Face time: AI research reveals 16 facial expressions most common to emotional situations

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The landmark new research by the University of California confirms the universality of human emotional expression across geographic and cultural boundaries. Professor Dacher Keltner, a UC Berkeley psychologist and the study’s co-lead author, said: “This study reveals how remarkably similar people are in different corners of the world in how we express emotion in the face of the most meaningful contexts of our lives.”

Researchers at UC Berkeley and Google used machine-learning Artificial Intelligence (AI) tech known as a “deep neural network”.

This supports Darwin’s theory that expressing emotion in our faces is universal among humans

Professor Dacher Keltner

This enabled analysis of facial expressions in approximately six million video clips uploaded to YouTube from 144 countries.

Dr Alan Cowen, a researcher at both UC Berkeley and Google who helped develop the AI algorithm, said: “This is the first worldwide analysis of how facial expressions are used in everyday life, and it shows us that universal human emotional expressions are a lot richer and more complex than many scientists previously assumed.”

Dr Cowen created an interactive map to demonstrate how the algorithm kept track of variations of facial expressions commonly associated with 16 emotions.

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Applications of the cutting-edge AI tech include helping people who have trouble reading emotions, such as infants and those with autism, to recognise the faces humans commonly make to convey certain feelings.

And researchers also hope their work may also help promote cross-cultural empathy.

The typical human face has 43 different muscles which can be activated to create possibly thousands of different expressions.

Dr Cowen’s machine-learning algorithm was first employed to track facial expressions shown in six million video clips.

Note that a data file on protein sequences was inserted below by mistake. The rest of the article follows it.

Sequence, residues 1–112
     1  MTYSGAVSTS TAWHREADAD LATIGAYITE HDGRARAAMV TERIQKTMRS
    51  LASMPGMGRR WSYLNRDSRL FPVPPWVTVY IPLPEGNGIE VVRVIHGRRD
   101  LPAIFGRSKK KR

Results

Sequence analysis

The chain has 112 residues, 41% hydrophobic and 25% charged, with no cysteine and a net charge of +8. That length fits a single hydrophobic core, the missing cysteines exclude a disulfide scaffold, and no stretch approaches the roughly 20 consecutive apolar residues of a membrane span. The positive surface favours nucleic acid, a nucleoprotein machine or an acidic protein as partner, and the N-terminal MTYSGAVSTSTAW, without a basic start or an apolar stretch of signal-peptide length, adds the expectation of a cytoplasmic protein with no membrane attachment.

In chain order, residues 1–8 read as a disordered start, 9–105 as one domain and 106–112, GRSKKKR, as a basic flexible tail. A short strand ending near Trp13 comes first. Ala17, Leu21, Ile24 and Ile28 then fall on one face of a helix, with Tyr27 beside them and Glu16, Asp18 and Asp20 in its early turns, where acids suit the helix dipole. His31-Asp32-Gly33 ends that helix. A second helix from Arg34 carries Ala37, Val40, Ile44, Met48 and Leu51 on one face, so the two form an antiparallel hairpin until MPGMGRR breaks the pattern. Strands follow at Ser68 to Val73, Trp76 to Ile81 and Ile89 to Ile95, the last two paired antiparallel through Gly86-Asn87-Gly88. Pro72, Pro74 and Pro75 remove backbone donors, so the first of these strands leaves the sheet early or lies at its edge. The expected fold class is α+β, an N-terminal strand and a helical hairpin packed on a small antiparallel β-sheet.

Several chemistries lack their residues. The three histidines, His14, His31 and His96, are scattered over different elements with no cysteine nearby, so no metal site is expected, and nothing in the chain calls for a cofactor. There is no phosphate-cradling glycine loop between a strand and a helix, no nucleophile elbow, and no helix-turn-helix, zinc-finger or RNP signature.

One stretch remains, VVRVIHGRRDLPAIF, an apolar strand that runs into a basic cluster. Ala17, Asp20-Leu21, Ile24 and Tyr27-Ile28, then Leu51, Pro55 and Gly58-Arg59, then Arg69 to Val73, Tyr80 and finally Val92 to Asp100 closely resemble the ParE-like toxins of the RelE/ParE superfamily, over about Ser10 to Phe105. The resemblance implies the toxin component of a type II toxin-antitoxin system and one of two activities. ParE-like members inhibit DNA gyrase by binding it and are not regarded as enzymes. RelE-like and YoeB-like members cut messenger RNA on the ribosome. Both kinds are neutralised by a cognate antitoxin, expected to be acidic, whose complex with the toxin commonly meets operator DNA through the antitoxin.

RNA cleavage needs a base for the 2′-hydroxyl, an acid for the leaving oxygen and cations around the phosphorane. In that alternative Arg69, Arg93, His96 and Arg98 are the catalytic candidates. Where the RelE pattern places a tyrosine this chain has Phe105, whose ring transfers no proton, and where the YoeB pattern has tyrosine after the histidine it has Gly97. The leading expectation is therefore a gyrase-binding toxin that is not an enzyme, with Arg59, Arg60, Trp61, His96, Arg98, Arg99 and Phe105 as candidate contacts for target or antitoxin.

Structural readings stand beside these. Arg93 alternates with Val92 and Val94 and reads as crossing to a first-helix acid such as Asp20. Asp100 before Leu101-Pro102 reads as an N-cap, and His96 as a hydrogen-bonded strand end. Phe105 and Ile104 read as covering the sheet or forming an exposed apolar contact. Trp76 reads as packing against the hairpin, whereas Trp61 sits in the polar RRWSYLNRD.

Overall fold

These ranged from firework spectators, people dancing or consoling an upset child.

They used the algorithm to track examples of 16 facial expressions commonly associated with the following emotions: amusement, anger, awe, concentration, confusion, contempt, contentment, desire, disappointment, doubt, elation, interest, pain, sadness, surprise and triumph.

They then cross-referenced the facial expressions with the contexts and scenarios in which they were made across different areas of the world.

This resulted in discovering incredible similarities in how people across geographic and cultural boundaries use facial expressions in different social contexts.

Dr Cowen said: ”We found that rich nuances in facial behaviour—including subtle expressions we associate with awe, pain, triumph, and 13 other feelings — are used in similar social situations around the world.”

The YouTube footage revealed people around the world tended to stare in awe during firework displays, display contentment at weddings and, furrow their brows in concentration when performing martial arts.

They also show doubt at protests, pain when working out, and triumph at attending gigs and football matches.

The results revealed people from different cultures share approximately 70 percent of the facial expressions used in response to different social and emotional situations.

Professor Keltner said: ”This supports Darwin’s theory that expressing emotion in our faces is universal among humans.

“The physical display of our emotions may define who we are as a species, enhancing our communication and cooperation skills and ensuring our survival.”

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